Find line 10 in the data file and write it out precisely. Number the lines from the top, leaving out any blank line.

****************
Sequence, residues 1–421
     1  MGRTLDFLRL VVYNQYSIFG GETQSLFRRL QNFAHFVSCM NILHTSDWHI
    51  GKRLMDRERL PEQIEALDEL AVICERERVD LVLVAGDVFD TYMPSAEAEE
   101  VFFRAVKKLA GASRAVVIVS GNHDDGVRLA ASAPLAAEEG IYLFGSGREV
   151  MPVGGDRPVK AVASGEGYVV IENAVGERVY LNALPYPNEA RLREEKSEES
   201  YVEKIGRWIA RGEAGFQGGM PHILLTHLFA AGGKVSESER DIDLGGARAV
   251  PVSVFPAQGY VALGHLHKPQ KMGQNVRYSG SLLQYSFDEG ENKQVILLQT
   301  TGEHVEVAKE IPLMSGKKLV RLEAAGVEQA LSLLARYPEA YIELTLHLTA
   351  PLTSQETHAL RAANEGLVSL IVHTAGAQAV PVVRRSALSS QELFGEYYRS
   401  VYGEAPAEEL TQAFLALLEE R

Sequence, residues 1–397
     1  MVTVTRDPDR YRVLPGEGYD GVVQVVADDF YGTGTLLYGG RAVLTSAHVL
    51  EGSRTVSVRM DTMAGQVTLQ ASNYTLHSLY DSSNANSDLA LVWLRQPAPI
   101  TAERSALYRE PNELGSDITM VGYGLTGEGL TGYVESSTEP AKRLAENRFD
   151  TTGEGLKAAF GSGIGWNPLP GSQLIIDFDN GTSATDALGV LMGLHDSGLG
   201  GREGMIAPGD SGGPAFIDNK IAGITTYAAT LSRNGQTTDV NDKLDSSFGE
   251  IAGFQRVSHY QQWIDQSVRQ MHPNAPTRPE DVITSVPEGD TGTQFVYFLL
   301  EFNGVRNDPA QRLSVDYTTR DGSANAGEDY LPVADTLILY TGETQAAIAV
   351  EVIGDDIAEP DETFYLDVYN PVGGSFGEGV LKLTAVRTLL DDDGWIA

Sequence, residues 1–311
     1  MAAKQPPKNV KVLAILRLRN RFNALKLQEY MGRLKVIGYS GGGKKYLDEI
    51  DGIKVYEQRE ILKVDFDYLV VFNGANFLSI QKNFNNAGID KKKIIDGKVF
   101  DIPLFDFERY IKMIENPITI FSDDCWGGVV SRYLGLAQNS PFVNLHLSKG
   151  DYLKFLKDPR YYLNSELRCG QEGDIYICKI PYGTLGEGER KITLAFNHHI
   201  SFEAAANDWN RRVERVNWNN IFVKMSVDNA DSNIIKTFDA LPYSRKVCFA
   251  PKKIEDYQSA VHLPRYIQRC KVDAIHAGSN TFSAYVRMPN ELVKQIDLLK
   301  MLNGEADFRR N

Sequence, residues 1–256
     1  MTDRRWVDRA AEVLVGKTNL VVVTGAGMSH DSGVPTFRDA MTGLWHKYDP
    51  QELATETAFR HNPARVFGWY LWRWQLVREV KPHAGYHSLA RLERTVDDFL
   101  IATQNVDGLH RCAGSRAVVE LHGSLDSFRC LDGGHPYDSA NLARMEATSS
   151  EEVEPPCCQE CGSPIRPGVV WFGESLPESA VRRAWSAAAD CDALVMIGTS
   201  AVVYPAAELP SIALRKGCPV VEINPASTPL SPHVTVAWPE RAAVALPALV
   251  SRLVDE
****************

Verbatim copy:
   401  VYGEAPAEEL TQAFLALLEE R